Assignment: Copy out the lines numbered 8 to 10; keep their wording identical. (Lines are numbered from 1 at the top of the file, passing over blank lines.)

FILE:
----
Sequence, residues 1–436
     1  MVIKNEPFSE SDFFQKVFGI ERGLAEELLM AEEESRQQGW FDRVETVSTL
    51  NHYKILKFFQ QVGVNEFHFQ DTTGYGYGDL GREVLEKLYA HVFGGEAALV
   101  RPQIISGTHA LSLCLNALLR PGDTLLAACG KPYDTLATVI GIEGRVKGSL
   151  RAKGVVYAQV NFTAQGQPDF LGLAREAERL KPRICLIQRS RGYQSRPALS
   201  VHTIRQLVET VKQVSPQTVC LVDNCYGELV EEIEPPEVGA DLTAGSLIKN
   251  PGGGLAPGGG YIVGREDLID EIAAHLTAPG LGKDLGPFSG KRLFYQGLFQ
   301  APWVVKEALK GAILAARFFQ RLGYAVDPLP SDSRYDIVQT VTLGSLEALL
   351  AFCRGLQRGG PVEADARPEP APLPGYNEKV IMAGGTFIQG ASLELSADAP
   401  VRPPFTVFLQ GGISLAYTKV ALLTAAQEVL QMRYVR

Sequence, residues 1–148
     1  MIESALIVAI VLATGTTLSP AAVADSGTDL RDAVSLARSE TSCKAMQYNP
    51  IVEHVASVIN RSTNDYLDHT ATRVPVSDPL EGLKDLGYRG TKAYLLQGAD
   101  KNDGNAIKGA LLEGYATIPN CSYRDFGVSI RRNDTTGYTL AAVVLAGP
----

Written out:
   301  APWVVKEALK GAILAARFFQ RLGYAVDPLP SDSRYDIVQT VTLGSLEALL
   351  AFCRGLQRGG PVEADARPEP APLPGYNEKV IMAGGTFIQG ASLELSADAP
   401  VRPPFTVFLQ GGISLAYTKV ALLTAAQEVL QMRYVR